Questionnaire studies have found that bedridden patients assign especially high preference to having a hospital window view of nature (Verderber, 1986). Mounting research is providing convincing evidence that visual exposure to nature improves outcomes such as stress and pain. For example, a study in a Swedish hospital found that heart-surgery patients in ICUs who were assigned a picture with a landscape scene with trees and water reported less anxiety/stress and needed fewer strong doses of pain drugs than a control group assigned no pictures (Ulrich, 1991). Another group of patients assigned an abstract picture, however, had worsened outcomes compared to the control group. Ulrich (1984) found that patients recovering from abdominal surgery recovered faster, had better emotional well-being, and required fewer strong pain medications if they had bedside windows with a nature view (looking out onto trees) than if their windows looked out onto a brick wall.

Recently, strong studies using experimental designs have produced additional convincing evidence that viewing nature reduces patient pain as well as stress. These investigations also support the interpretation that nature serves as a positive distraction (Ulrich, 1991) that reduces stress and diverts patients from focusing on their pain or distress. A randomized prospective investigation found that adult patients undergoing a painful bronchosopy procedure reported less pain if they were assigned to look at a ceiling-mounted nature scene rather than a control condition consisting of a blank ceiling (Diette, Lechtzin, Haponik, Devrotes, & Rubin, 2003). Another controlled experiment that used volunteers in a hospital assessed the effect on pain of viewing a soundless nature videotape in contrast to a static blank screen (Tse, Ng, Chung, & Wong, 2002). Subjects who watched the nature scenes evidenced a higher threshold for detecting pain and had substantially greater pain tolerance. Two studies of female cancer patients have shown that taking a virtual reality nature walk while in bed or a hospital room (through a forest with bird sounds) reduced anxiety and symptomatic distress (Schneider, S. M., Prince-Paul, Allen, Silverman, & Talaba, 2004). Research on patients suffering intense pain because of severe burns found that exposing patients to a videotape of scenic nature (forest, flowers, ocean, waterfalls) during burn dressing changes significantly reduced both anxiety and pain intensity (Miller, Hickman, & Lemasters, 1992).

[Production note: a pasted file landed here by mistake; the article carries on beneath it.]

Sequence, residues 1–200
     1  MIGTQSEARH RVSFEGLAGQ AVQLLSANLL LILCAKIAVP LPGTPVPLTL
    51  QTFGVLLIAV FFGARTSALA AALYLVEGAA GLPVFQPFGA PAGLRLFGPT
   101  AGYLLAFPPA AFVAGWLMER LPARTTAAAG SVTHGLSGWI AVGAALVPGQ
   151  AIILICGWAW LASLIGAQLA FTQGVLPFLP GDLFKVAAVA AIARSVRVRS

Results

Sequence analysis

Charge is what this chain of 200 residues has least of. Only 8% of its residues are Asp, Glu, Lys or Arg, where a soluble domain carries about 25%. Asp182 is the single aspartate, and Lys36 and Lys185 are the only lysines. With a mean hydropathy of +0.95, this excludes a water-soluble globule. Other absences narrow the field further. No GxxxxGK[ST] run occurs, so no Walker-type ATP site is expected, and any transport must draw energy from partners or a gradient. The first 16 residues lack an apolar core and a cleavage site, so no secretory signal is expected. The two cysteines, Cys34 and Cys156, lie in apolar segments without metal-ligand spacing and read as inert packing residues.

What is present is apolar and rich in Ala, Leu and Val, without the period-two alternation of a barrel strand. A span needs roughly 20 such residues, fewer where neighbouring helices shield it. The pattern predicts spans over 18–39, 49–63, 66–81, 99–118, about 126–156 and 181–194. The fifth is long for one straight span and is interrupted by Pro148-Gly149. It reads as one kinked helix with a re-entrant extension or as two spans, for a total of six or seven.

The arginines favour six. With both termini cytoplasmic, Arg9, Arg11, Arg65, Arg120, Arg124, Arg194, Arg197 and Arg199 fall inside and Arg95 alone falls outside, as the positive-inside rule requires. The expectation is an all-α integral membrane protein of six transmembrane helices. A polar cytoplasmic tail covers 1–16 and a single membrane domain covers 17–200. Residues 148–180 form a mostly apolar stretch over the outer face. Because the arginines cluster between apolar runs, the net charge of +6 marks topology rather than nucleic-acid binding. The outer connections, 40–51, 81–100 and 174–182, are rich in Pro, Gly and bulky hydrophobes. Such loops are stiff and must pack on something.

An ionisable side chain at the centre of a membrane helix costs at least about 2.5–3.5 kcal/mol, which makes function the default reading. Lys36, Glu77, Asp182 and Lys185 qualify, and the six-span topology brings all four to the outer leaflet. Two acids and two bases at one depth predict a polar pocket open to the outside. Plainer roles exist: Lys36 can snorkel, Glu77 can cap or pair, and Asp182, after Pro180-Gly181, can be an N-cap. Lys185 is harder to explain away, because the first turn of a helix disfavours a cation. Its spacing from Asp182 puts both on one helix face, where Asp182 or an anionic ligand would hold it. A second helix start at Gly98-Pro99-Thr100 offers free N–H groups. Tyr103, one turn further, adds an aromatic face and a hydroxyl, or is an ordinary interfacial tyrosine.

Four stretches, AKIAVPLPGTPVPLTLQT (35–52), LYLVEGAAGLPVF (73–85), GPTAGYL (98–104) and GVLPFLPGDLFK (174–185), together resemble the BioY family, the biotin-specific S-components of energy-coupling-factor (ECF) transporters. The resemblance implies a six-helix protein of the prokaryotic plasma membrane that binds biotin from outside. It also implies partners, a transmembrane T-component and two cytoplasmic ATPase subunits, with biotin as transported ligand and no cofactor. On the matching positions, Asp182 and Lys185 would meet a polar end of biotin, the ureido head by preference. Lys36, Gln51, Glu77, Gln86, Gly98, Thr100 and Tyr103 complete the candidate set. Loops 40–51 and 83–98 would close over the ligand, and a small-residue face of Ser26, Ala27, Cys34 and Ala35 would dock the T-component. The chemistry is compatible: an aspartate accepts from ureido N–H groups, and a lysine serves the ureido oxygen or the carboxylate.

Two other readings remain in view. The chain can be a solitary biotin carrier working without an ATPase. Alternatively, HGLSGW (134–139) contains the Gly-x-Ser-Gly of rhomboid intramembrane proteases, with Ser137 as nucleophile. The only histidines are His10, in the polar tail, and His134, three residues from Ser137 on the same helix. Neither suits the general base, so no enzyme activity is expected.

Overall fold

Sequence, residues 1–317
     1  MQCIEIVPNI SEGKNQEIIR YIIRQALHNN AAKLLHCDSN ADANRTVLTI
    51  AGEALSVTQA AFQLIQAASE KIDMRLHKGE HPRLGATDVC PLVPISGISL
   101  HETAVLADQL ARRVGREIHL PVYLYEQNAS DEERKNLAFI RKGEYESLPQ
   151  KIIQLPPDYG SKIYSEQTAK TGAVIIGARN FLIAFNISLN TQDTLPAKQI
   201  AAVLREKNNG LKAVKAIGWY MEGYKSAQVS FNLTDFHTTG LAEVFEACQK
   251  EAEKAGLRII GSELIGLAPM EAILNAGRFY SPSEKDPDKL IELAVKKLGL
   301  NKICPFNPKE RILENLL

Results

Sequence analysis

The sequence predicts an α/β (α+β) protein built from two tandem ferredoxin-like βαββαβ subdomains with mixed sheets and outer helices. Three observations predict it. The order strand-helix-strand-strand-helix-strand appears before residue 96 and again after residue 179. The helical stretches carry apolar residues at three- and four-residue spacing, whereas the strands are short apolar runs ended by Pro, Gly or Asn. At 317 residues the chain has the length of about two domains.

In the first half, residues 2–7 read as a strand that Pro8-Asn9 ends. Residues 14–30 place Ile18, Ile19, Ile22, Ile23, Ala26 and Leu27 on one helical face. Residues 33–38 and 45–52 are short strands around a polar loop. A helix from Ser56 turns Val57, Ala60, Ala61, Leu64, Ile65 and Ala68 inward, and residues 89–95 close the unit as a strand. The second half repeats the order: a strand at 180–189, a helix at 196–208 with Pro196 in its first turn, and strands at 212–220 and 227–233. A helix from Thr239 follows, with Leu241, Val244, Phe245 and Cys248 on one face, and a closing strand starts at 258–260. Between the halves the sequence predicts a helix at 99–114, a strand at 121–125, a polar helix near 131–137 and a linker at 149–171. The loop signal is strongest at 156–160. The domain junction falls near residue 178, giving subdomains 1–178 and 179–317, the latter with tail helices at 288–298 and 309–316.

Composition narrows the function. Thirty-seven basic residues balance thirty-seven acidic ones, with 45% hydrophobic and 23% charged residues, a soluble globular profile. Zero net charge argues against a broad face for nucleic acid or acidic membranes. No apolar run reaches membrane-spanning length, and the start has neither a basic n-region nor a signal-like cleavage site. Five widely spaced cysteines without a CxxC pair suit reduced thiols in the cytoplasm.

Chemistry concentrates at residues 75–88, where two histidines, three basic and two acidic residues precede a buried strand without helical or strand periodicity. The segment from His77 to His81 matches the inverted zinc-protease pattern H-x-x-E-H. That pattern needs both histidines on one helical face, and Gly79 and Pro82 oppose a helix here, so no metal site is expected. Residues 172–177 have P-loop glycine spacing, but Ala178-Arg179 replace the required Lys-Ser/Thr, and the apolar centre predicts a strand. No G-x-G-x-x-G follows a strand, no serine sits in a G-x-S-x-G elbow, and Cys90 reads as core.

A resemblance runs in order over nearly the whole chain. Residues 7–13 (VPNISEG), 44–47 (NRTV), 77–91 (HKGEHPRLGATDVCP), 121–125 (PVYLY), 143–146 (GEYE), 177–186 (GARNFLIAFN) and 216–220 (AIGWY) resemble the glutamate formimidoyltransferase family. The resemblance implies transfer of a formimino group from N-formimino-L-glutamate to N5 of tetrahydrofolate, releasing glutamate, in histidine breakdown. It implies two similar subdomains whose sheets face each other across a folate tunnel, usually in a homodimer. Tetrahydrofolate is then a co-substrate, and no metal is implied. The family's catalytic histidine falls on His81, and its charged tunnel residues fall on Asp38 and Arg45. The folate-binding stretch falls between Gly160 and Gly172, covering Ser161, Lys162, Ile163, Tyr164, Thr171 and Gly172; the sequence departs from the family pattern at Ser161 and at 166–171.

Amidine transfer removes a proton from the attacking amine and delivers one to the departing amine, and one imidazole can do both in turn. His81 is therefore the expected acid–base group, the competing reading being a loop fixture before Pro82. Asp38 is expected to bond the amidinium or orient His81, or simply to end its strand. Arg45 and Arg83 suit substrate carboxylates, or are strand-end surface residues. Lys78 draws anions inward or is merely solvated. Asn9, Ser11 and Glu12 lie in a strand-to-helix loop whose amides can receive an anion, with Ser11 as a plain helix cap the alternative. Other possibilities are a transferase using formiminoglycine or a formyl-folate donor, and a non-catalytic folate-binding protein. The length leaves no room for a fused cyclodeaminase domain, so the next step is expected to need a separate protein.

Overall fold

The possibility that nature can improve outcomes even in patients with late-stage dementia, including Alzheimer’s disease, has received some support from a quasi-experimental study that found reduced levels of agitated aggressive behavior associated with a shower bath when recorded nature sounds (birds, babbling brook) and color pictures were present (Whall et al., 1997). A well-controlled study of blood donors in a waiting room found that blood pressure and pulse were lower on days when a wall-mounted television displayed a nature videotape, compared to days with continuous daytime television programs (Ulrich, Simons, & Miles, 2003). More research is needed to identify conditions under which television can either be a stress-reducing positive distraction or a stressor in hospitals.

— 2 years ago
Lysefjord, Norway

Lysefjord, Norway

— 2 years ago
"People who are out in nature do better on tests of working memory and attention than people who are in urban settings. Their mood is better."
David Brooks, summarizing research in The Social Animal
— 2 years ago
APM's On Being interviews Gordon Hempton on Silence →

Gordon Hempton says that silence is an endangered species. He defines real quiet as presence — not an absence of sound, but an absence of noise. The Earth, as he knows it, is a “solar-powered jukebox.” Quiet is a “think tank of the soul.” We take in the world through his ears.

— 2 years ago
"Nature draws us because it is in some way attuned to our feelings, so that it can reflect and intensify those we already feel or else awaken those which are dormant. Nature is like a great keyboard on which our highest sentiments are played out. We turn to it, as we might turn to music, to evoke and strengthen the best in us."
Charles Taylor, philosopher
— 2 years ago